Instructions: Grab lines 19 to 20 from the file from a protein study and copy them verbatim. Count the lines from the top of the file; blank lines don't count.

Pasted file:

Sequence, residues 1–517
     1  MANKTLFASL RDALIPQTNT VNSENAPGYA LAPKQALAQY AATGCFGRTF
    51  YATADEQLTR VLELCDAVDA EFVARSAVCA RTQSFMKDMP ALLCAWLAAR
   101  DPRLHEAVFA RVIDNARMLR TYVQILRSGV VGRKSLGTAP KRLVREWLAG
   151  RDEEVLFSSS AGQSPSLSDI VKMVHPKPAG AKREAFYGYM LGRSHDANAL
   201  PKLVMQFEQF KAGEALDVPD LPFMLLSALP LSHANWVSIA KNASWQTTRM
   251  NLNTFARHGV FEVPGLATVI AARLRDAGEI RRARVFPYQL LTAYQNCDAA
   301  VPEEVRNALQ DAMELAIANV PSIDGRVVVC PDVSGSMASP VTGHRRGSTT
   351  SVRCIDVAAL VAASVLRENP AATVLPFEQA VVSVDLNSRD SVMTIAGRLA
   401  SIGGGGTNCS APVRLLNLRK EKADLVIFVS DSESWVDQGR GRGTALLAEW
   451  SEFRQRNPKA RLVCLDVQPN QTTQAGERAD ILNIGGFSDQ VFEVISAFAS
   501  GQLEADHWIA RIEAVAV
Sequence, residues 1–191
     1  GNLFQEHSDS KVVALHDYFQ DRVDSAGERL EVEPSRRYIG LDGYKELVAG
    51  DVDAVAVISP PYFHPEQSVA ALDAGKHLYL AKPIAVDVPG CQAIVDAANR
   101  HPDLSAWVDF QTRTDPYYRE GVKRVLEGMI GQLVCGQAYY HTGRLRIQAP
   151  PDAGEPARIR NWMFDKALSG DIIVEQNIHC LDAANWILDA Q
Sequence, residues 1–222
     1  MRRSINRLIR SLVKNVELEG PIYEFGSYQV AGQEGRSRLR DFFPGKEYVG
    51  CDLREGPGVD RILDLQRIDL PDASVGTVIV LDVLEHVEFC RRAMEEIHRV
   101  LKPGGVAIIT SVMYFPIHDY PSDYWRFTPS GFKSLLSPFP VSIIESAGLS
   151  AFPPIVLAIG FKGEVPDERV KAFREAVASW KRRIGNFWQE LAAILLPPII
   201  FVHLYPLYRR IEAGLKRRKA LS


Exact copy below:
     1  MRRSINRLIR SLVKNVELEG PIYEFGSYQV AGQEGRSRLR DFFPGKEYVG
    51  CDLREGPGVD RILDLQRIDL PDASVGTVIV LDVLEHVEFC RRAMEEIHRV